As Russian Foreign Minister Sergey Lavrov returned home from his visit with President Donald Trump in the Oval Office last week, Russian state media was gloating over the spectacle. TV channel Rossiya 1 aired a segment entitled “Puppet Master and ‘Agent’—How to Understand Lavrov’s Meeting With Trump.”
Vesti Nedeli, a Sunday news show on the same network, pointed out that it was Trump, personally, who asked Lavrov to pose standing near as Trump sat at his desk. It’s almost the literal image of a power behind the throne. …
Sooner or later, the Democrats will come back into power. The next term or the term after that, it doesn’t matter… I have an even more unpleasant forecast for Trump. After the White House, he will face a very unhappy period.
This is taken from a very informative post at the Daily Kos. I am re-blogging most of the original post so no one with miss the details and nuances of each item. However, I recommend reading the original post titled, Top Ten Reasons To Vote Republican and poking around the Daily Kos for other equally informative and interesting articles.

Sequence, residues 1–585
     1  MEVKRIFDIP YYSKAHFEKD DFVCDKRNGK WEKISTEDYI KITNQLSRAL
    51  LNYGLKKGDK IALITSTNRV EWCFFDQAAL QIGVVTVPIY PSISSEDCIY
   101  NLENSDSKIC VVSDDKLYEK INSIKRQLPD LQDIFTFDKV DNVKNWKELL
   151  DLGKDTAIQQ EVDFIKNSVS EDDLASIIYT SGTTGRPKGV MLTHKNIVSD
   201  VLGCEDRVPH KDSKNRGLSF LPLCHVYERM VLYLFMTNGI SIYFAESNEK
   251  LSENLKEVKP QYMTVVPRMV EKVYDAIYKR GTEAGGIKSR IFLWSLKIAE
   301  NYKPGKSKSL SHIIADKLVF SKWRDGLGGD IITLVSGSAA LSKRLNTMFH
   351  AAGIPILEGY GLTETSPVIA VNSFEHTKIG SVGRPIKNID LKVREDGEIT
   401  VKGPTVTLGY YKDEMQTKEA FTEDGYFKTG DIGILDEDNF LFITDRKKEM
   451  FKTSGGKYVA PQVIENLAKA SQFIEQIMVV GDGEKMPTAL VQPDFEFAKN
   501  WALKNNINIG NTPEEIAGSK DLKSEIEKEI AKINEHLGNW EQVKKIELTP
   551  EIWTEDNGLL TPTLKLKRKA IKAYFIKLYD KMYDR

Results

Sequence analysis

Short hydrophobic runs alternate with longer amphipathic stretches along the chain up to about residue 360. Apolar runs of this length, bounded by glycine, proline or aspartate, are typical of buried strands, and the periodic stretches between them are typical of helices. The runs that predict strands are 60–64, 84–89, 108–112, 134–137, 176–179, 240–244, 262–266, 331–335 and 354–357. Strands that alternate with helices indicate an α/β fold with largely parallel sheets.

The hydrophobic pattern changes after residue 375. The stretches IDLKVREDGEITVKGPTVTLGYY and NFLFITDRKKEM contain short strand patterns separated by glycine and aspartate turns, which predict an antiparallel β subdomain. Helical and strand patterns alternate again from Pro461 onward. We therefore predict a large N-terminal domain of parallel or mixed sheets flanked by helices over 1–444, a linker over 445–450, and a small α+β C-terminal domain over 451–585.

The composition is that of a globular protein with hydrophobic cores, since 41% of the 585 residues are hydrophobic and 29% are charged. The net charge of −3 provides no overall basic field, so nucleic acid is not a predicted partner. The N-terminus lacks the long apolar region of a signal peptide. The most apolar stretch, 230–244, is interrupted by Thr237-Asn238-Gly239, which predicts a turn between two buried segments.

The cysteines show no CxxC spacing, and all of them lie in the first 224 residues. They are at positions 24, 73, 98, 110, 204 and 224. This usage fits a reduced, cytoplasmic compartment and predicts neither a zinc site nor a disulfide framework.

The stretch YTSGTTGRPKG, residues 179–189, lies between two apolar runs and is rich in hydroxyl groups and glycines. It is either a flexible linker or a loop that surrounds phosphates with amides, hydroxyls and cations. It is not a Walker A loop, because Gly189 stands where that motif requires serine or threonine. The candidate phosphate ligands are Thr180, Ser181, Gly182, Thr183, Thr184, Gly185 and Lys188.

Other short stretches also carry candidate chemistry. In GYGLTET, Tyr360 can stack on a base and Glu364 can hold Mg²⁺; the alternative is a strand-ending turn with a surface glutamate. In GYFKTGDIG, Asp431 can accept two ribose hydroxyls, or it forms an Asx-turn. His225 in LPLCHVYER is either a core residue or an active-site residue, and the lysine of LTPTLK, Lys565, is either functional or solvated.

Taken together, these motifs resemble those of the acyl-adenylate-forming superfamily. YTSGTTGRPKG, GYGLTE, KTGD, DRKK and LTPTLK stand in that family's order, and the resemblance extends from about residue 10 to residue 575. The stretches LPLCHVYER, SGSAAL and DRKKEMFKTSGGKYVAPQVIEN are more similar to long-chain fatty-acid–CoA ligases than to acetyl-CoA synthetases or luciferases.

Note that this list is not an indictment of all Republicans: it simply suggests ten good reasons for some people to feel at home in the GOP. For instance, the list doesn’t suggest or imply that anyone is a bigot, but it does posit that anyone who quacks like a bigot will probably find the Republican Party to be welcoming with open arms.
There is a very interesting and frightening parallel being played out between the Republican candidates for President of the United States and an often overlooked novel by Sinclair Lewis. Rush over to Salon and read the complete article; but to pique your interest, I repost the first part of the article below?
Candidate Donald Trump has turned into a much better joke than most people expected. What first appeared like a Simpsons gag, a media stunt, is now leading the Republican field. Trump’s pseudo-populist businessman’s appeal is so surprisingly forthright that, in addition to being the butt of the nation’s laughter, he’s turning the whole political system into a punchline too.
With his careful mix of plainspoken honesty and reactionary delusion, Trump is following an old rhetorical playbook, one defined and employed successfully in the 1936 presidential campaign of Senator Berzelius “Buzz” Windrip. In his campaign’s promotional book “Zero Hour,” Windrip laid out the classic nativist call to action that Trump would pick up nearly word-for-word: Continue reading “It Can Happen Here”→